Miracle no-one was killed by motorist who bullied drivers off road
- Credit: NORFOLK CONSTABULARY
A drink driver who bullied other motorists out of the way and forced police to abandon a pursuit has been told it was a ''pure miracle'' no-one was killed.
Felix Rooney, 33, reached speeds of more than 80mph during a chase which police were forced to abandon due to concerns about the safety of others on the road.
Norwich Crown Court heard the dangerous driving lasted about 15 miles from Great Yarmouth to Beccles and involved Gapton Hall Road, Burgh Road, Market Road and the A143.
Martin Ivory, prosecuting, said police were initially alerted to Rooney, who was driving a Mercedes, after members of the public described him as being "intoxicated" in the vehicle in the Gapton Hall Road area of Yarmouth.
Police had tried to "box" the vehicle in but Rooney pulled away from where police had tried to stop it and sped off.
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Rooney was pursued by police and was "weaving in and out" of oncoming traffic on single carriageway roads, at one point travelling in excess of 80mph in a 40mph zone.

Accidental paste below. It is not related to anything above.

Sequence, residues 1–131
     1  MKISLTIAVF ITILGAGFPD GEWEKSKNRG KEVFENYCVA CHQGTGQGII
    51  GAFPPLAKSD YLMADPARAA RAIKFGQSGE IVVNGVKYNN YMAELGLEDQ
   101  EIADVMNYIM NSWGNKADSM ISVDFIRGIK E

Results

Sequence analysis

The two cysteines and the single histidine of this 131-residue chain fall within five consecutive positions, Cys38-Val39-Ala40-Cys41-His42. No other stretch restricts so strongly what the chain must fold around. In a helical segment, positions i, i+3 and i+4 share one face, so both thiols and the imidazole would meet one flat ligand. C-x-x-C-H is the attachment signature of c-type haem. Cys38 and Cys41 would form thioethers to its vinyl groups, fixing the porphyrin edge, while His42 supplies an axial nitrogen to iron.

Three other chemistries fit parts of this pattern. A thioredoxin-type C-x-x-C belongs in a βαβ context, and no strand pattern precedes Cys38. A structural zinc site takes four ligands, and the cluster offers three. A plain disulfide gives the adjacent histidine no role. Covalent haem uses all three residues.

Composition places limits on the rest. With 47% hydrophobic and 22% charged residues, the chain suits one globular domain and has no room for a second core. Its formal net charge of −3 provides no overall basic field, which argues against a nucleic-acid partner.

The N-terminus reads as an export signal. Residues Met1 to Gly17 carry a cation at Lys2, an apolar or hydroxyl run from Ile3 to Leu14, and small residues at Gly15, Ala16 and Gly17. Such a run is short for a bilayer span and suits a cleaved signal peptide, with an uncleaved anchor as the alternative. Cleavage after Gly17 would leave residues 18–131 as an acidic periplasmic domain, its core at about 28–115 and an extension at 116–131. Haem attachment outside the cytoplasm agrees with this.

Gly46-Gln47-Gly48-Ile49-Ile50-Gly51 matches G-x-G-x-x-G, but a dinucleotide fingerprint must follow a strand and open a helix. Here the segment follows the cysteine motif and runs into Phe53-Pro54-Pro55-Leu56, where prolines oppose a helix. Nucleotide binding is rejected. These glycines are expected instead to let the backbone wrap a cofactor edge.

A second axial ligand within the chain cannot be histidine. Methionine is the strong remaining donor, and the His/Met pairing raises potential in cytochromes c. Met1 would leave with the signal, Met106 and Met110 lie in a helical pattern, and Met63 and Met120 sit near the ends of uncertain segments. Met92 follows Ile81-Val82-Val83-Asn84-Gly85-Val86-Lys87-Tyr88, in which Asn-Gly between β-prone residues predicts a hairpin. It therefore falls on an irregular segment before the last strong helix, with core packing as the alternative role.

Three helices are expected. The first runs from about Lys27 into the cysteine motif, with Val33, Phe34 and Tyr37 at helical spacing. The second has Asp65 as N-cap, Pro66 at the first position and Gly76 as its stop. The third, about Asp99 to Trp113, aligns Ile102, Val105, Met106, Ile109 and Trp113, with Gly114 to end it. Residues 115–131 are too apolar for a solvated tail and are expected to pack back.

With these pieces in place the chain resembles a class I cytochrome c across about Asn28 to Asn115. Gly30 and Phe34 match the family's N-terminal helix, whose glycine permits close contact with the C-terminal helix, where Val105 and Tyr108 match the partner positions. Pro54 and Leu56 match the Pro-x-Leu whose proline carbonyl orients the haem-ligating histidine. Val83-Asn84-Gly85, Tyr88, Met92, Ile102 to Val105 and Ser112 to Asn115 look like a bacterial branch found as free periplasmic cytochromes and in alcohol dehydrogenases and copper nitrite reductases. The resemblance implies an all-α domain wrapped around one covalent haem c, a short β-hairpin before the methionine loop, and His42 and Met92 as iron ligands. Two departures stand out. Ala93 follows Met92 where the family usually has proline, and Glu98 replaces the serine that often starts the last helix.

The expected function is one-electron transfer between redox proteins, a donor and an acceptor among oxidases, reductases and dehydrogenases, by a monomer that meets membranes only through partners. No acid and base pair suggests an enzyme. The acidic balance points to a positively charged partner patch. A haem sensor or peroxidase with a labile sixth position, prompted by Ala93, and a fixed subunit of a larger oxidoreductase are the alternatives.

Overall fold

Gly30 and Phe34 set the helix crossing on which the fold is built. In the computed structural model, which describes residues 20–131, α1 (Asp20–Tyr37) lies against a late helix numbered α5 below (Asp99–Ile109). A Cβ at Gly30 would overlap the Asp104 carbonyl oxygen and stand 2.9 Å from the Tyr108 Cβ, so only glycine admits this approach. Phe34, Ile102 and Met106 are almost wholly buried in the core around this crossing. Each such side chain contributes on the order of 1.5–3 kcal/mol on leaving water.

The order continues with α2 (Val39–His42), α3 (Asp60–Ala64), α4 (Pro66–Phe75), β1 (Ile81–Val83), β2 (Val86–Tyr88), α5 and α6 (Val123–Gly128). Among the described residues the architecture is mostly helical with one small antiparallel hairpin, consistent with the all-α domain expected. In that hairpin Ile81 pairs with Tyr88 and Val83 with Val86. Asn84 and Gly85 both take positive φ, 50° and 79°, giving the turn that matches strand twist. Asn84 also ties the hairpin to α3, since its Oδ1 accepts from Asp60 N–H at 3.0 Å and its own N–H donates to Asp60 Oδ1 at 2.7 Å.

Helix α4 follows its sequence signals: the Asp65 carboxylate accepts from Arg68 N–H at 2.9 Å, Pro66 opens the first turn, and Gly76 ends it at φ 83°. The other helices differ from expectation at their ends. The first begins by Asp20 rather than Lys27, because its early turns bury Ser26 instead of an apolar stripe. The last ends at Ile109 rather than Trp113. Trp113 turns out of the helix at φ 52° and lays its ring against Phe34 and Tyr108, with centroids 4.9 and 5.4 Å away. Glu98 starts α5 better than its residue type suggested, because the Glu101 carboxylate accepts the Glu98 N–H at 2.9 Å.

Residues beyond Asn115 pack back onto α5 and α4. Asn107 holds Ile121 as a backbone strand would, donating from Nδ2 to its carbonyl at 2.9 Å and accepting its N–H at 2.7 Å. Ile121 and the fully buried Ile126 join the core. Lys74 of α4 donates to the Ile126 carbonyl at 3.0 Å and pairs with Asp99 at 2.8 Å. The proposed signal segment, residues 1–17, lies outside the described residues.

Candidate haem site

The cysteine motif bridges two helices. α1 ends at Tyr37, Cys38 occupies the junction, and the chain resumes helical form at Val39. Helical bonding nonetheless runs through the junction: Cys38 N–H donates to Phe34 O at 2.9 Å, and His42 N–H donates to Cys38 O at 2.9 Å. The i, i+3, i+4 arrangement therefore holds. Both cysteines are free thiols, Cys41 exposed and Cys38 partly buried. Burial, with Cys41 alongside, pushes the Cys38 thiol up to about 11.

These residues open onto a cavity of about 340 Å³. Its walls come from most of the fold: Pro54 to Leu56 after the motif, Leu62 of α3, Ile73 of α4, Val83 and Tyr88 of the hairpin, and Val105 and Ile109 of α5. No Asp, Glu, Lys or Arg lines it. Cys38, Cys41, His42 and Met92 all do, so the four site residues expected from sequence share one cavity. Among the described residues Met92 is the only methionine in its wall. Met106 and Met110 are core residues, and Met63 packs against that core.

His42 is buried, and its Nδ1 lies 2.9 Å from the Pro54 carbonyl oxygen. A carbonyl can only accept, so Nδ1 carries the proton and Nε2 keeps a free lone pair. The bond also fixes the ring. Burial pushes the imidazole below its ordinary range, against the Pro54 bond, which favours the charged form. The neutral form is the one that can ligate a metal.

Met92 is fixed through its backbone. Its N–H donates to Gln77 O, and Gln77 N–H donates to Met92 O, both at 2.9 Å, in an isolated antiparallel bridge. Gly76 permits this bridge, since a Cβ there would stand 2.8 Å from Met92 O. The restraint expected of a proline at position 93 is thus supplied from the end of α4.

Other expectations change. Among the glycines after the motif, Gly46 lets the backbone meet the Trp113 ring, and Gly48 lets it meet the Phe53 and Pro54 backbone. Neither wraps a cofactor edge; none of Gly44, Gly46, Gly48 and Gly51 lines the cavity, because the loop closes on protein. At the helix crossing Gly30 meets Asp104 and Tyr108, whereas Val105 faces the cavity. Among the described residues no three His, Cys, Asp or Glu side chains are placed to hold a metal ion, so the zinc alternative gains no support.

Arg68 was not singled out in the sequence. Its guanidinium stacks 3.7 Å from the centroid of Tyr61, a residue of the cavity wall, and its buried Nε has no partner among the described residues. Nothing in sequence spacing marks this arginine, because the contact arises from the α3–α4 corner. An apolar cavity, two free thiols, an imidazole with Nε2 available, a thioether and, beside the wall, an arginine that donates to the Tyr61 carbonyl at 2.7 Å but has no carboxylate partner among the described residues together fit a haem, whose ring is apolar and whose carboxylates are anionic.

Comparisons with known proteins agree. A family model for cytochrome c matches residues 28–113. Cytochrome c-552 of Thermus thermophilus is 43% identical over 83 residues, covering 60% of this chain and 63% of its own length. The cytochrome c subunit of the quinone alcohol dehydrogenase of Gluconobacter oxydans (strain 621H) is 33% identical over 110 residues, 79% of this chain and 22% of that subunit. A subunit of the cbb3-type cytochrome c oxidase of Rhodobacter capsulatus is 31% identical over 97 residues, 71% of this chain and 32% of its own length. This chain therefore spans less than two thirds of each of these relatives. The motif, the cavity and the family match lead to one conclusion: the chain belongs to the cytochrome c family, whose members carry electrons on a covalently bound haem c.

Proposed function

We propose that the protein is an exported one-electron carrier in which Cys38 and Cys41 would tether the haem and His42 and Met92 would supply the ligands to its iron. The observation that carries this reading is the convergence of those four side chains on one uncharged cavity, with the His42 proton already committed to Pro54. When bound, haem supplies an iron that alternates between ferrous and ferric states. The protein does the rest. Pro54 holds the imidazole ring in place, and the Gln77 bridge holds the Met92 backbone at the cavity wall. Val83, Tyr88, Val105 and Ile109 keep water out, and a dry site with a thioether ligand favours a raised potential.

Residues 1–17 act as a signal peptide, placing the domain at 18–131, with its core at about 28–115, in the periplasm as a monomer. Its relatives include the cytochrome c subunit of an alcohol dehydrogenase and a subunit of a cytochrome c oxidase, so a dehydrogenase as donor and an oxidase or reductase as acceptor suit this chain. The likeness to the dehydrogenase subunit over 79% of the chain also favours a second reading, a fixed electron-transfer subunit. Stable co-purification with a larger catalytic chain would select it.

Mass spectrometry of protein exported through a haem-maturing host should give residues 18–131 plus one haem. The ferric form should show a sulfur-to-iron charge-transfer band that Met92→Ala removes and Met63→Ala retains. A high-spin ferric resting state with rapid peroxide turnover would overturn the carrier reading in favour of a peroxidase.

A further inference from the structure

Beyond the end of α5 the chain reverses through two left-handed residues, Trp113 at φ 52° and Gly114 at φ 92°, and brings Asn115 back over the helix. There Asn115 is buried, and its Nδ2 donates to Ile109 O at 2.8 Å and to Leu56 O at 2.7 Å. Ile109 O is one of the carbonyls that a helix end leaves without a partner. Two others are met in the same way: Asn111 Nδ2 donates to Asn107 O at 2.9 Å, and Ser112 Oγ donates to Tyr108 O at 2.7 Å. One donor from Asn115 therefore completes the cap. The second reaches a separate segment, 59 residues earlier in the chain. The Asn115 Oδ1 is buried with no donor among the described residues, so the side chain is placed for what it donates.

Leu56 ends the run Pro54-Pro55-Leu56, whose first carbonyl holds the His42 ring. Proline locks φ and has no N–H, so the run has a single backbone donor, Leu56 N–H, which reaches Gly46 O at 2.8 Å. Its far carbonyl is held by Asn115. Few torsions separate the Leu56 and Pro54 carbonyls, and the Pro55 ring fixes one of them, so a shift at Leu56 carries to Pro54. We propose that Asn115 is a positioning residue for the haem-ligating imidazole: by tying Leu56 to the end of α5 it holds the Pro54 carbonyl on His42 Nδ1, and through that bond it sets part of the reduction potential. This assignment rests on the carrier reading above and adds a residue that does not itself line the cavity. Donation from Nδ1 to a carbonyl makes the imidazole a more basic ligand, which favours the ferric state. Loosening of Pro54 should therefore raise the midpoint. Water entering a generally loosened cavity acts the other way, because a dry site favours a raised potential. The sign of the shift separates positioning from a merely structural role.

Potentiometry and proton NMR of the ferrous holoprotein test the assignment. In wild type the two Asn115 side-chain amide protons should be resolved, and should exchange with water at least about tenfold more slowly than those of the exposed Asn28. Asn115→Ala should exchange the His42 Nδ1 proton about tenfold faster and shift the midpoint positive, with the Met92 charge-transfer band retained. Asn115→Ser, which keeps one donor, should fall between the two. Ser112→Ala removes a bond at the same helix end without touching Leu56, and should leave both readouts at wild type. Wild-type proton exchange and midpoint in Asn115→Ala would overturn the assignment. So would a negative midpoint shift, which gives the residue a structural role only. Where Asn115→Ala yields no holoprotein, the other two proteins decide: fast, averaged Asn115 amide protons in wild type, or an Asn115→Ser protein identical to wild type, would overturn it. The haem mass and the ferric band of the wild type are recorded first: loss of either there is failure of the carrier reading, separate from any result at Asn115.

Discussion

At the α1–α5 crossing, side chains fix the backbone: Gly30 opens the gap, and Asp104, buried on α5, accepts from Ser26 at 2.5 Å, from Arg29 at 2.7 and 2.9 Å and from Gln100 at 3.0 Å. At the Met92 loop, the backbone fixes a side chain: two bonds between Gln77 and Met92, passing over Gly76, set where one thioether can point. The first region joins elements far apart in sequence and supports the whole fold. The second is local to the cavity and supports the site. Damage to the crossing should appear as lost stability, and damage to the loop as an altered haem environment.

He said there came a point when police "gave up" their attempt to stop him as it was too dangerous to continue.
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Mr Ivory described how Rooney had been "bullying" other motorists he came across and had been "relentlessly pushing forward trying to get people out of the way as he wasn't going to stop".
When Rooney did eventually stop, following the incident on September 16 this year, Rooney was found to have 73mcg of alcohol in 100mls of breath. The legal limit is 35.
Rooney, 33, of Gapton Hall Road, Yarmouth, appeared at court on Monday (28) to be sentenced having previously admitted dangerous driving, drink driving and failure to stop.
Sentencing him to 14 months in prison, Judge Stephen Holt said it was a "pure miracle and a matter of luck that no-one was killed or injured" as a result of one of the "worst dangerous driving cases this court has seen".
He jailed Rooney for a total of 14 months and banned him from driving for 25 months.
Danielle O'Donovan, mitigating, said his best piece of mitigation was his early guilty plea.
She said Rooney, a member of the travelling community, had been deeply affected by the loss of his brother to testicular cancer and took to alcohol, as he had done on this day, rather than talk about it.